• Instance variables for a value type are stored in the same context as the variable that declares the value type. The memory slot for the instance effectively contains the slots for each field within the instance. That means (given the previous two points) that a struct variable declared within a method will always be on the stack, whereas a struct variable which is an instance field of a class will be on the heap.
  • Every static variable is stored on the heap, regardless of whether it's declared within a reference type or a value type. There is only one slot in total no matter how many instances are created. (There don't need to be any instances created for that one slot to exist though.)
There are a couple of exceptions to the above rules - captured variables (used in anonymous methods and lambda expressions) are local in terms of the C# code, but end up being compiled into instance variables in a type associated with the delegate created by the anonymous method. The same goes for local variables in an iterator block.



Happy reading...........
 



Posted by Ajander Singh on Tuesday, November 29, 2011 3:09 PM
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Ajax Client Life-Cycle Events


A WebForms based page that uses Microsoft Ajax raises the same server life-cycle events as an ASP.NET 4 Web page and in addition raises client life-cycle events. The client events enable you to customize the UI for both postbacks and for asynchronous postbacks (partial-page updates). The client events also help you manage custom script components during the lifetime of the page in the browser.

The client events are raised by classes in the Microsoft Ajax Library. These classes are automatically instantiated when a page contains Microsoft Ajax server controls. The client classes provide APIs that enable you to bind to events and to provide handlers for those events. Because the Microsoft Ajax Library is browser independent, the code you write for your handlers works the same in all supported browsers.

The key event for initial requests (GET requests) and synchronous postbacks is the load event of the Application instance. When script in a load event handler runs, all scripts and components have been loaded and are available. When partial-page rendering with UpdatePanel controls is enabled, the key client events are the events of the PageRequestManager class. These events enable you to handle many common scenarios. These include the ability to cancel postbacks, to give precedence to one postback over another, and to animate UpdatePanel controls when their content is refreshed.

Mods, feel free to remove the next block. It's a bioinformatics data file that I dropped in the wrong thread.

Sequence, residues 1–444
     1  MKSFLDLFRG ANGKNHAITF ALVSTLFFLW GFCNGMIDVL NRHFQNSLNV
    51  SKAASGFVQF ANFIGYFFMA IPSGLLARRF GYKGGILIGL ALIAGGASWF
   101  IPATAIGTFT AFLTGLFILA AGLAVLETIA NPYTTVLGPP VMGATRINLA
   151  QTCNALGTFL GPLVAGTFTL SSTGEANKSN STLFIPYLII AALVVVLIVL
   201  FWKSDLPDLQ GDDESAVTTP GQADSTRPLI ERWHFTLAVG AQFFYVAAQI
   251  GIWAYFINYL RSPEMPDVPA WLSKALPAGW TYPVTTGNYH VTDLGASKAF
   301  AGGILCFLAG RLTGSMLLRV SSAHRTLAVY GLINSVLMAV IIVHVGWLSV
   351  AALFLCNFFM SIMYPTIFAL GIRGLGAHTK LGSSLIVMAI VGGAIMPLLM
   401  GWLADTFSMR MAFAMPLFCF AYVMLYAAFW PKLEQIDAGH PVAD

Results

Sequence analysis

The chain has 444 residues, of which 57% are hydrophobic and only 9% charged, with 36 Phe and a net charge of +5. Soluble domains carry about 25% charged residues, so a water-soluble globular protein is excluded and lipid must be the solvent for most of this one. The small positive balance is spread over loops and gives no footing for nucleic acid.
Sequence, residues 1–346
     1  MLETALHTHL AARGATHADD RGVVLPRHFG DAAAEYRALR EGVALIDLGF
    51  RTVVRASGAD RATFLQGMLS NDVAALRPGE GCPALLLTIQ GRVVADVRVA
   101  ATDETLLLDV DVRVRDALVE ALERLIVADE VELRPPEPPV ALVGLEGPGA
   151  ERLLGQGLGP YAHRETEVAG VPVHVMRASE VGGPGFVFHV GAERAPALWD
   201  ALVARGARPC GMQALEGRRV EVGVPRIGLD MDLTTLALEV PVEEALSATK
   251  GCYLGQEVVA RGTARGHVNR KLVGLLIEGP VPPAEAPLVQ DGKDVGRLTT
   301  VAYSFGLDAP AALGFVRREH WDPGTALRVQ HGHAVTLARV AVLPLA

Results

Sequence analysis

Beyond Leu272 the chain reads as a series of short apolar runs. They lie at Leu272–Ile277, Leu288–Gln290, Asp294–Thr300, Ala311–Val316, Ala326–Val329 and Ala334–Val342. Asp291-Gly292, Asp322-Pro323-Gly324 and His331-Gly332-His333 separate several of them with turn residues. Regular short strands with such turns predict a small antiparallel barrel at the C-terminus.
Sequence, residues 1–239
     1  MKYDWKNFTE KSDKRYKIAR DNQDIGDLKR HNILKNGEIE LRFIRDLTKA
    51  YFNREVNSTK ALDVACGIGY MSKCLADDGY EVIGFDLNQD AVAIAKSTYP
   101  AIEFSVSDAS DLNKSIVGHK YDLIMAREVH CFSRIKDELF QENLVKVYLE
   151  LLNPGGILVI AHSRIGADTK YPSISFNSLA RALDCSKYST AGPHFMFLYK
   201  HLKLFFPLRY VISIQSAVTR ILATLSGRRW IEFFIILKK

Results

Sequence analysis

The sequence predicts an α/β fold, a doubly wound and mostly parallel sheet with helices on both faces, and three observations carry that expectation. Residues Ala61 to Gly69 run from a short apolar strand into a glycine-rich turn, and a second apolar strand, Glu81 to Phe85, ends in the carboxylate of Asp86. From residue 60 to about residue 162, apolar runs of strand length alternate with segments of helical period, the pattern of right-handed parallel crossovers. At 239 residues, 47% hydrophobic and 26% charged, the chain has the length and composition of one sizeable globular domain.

Client events are useful whether you are creating pages or writing components. If you are a page developer, you can provide custom script that is called when the page loads and unloads in the browser.

For more information about the server life-cycle events, see ASP.NET Page Life Cycle Overview.

Client Classes


The two main Microsoft Ajax Library classes that raise events during the client life cycle of a WebForms based page are the Application and PageRequestManager classes.

The Application class is instantiated in the browser when the page contains a ScriptManager control. The Application class resembles the Page server control, which derives from the Control class, but provides additional functionality for raising server events. Similarly, the Application class derives from the Sys.Component class, but raises client life-cycle events that you can handle.

If a page contains a ScriptManager control and one or more UpdatePanel controls, the page can perform partial-page updates (if partial-page rendering is enabled and supported in the browser). In that case, an instance of the PageRequestManager class is automatically available in the browser. The PageRequestManager class raises client events that are specific to asynchronous postbacks. For details about partial-page rendering, see Partial-Page Rendering Overview.

Adding Handlers for Client Events


To add or remove handlers for events raised by the Application and PageRequestManager classes, use the add_eventname and remove_eventname methods of those classes. The following example shows how to add a handler named MyLoad to the init event of the Application object.

JavaScript

Sys.Application.add_init(MyInit);
                function MyInit(sender) {
                }
                Sys.Appplication.remove_init(MyInit);
                

Handling the Application Load and Unload Events

To handle the load and unload events of the Application object, you do not have to explicitly bind a handler to the event. Instead, you can create functions that use the reserved names pageLoad and pageUnload. The following example shows how to add a handler for the load event of the Application object by using this approach.

JavaScript

function pageLoad(sender, args) {
                }
            

Events for Other Client Classes

This topic describes only the events that are raised by the Application and PageRequestManager classes. The Microsoft Ajax Library also contains classes for adding, clearing, and removing handlers for DOM element events. These classes include the following:

Events raised by DOM elements are not discussed in this topic.

Client Events of the Application and PageRequestManager Classes


The following table lists client events of the Application and PageRequestManager classes that you can handle in Ajax enabled ASP.NET Web pages. The order in which the events are raised is described later in this topic.

Event

Description

Sys.Application.init Event

Raised after all scripts have been loaded but before any objects are created. If you are writing a component, the init event gives you a point in the life cycle to add your component to the page. The component can then be used by other components or by script later in the page life cycle. If you are a page developer, you should use the load event instead of the init event for most scenarios.